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Scholarship lightens student’s grief

Rachel Quiroga has faced hardship but has not let that stop her from succeeding.
JONATHAN WENCES/THE ET CETERA Rachel Quiroga has faced hardship but has not let that stop her from succeeding.
JONATHAN WENCES/THE ET CETERA Rachel Quiroga has faced hardship but has not let that stop her from succeeding.
Rachel Quiroga has faced hardship but has not let that stop her from succeeding.
By Robert Burns

Rachel Quiroga is no stranger to adversity. In fall 2012, her husband was diagnosed with cirrhosis of the liver, which was caused by his addiction to alcohol.
“I felt very betrayed because he had been hiding his drinking and I had no idea,” the Eastfield student said.
Quiroga was initially hopeful because his prognosis was good.
“He said he was going to change, but he didn’t choose to follow that,” she said. “Addiction is a difficult thing.”
Soon after, they lost their house and had to move in with Quiroga’s parents.
“He wasn’t able to work and I wasn’t working, and I wasn’t sure how we were going to survive,” she said.
It was a complete shift in Quiroga’s life.
“I felt like I didn’t want to be in this position again, that I needed to take control of my life, my future, my daughter,” she said.
The couple was eventually able to receive aid, and Quiroga decided to pursue a degree in nursing. She applied for the Dallas County Community College District’s LeCroy Scholars program in April. A week after writing her scholarship application essay, her husband died from complications caused by his cirrhosis. Quiroga said studying became a mini vacation for her, helping her cope.
A few weeks later, she received a call from the DCCCD Foundation notifying her that she was to be interviewed by a panel of eight people — the final step to determine who would receive the scholarships.
“I was excited, but I was still reeling from what had happened,” she said.
Winning the scholarship was the ray of hope she needed.
“I felt like the universe was saying that things were going to turn around for me,” she said. “It gave me hope in a time that was pretty dark for me.”
The scholarship helped her during the grieving process.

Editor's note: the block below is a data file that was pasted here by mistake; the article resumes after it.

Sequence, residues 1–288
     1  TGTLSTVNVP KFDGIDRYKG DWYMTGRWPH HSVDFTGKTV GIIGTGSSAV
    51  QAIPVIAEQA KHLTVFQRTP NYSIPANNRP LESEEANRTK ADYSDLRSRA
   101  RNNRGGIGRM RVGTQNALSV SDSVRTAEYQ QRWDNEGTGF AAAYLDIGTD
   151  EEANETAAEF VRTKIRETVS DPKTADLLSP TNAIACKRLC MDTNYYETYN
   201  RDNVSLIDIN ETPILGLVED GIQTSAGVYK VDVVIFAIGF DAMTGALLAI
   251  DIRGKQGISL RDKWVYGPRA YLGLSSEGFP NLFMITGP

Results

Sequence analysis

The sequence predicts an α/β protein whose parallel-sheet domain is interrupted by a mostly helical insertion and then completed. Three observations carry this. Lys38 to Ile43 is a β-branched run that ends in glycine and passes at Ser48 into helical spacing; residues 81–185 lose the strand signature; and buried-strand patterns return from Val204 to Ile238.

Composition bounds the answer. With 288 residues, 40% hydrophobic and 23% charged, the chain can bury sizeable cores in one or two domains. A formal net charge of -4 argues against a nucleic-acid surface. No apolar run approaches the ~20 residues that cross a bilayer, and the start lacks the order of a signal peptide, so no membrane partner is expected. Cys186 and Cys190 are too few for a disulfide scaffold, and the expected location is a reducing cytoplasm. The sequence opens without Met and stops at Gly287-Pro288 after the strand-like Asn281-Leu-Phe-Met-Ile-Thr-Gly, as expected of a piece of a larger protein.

“I know they always say live in the present, but sometimes the present really sucks,” she said. “You have to look forward, and it has helped me to do that.”
Quiroga has maintained a 4.0 grade-point average throughout her academic career while at Eastfield, exceeding the 3.0 requirement for the scholarship.
Professor Sal Frisella, who teaches physiology and anatomy, said the extra work needed to maintain a high GPA won’t be a problem for Quiroga.
“I kid around with my students that we are all bipedal life forms,” he said. “She is probably one of the best bipedal, carbon-based life forms that I have had the opportunity to teach. I expect great things from her, and I know she will achieve well.”
To students in similar situations, Quiroga says to never give up.
“Don’t lay down,” she said. “There is a saying: Fall down seven times, stand up eight.”
When she couldn’t get up on her own, she relied on her family to help.
“Sometimes I would pick myself up, sometimes my parents would encourage me. Even my daughter encouraged me,” she said. “You just keep getting up again because eventually it gets better. That is why getting a scholarship was like the light at the end a never-ending dark tunnel. You just can’t stop because life is always going to change.”
Despite her struggles, Quiroga believes things are steadily improving for her.
“I am still in some pain,” she said. “It’s like having been through an accident and survived it. I think things are good because I have a lot of hope.”
Quiroga relies on both her studies and her 12-year-old daughter for strength and support.
“What I really look at is living for her and her future, and it makes my future brighter,” she said. “She is a self-confessed nerd and she loves to go to conventions and stuff like that. So I do her costume. So for Comic Con a few weeks ago and for Halloween this year, she is a TARDIS. So that was fun to do.”
Quiroga is a talented seamstress, her friend Misti Nalls said.
“I had a pair of MMA gloves that were falling apart and she took them and brought them back … better than when I bought them,” Nalls said.
Besides being handy with a sewing needle, Quiroga also paints. Her work has been displayed in galleries such as the Bath House Cultural Center and the new EXHIBIT3 Gallery in downtown Dallas.
Her art was born out of a need to be creative rather than a serious career choice.
“I have always been on the PTA, and I’ve decorated libraries and things like that and the costume making and painting,”Quiroga said. “I guess it is more of a hobby. I love it. I get to express myself artistically.”
However, science and caring for people are her main passions, which were sparked in her 20s when she was hired as a personal care attendant for a quadriplegic person.
She hopes to earn her associate’s degree in nursing at either El Centwro or Brookhaven, where she has an interview in November. After that, she wants to earn a bachelor’s degree at a state college and study perioperative nursing.
“I am grateful both for the LeCroy people, their faith in me and I am grateful for my experience at Eastfield,” Quiroga said. “I think it was a big part of what kept me going. I felt angry for a long time, feeling like a lot has been taken from me, like I lost a lot. But that is no longer my focus. It is on what I do have, and I have a lot to be thankful for.”

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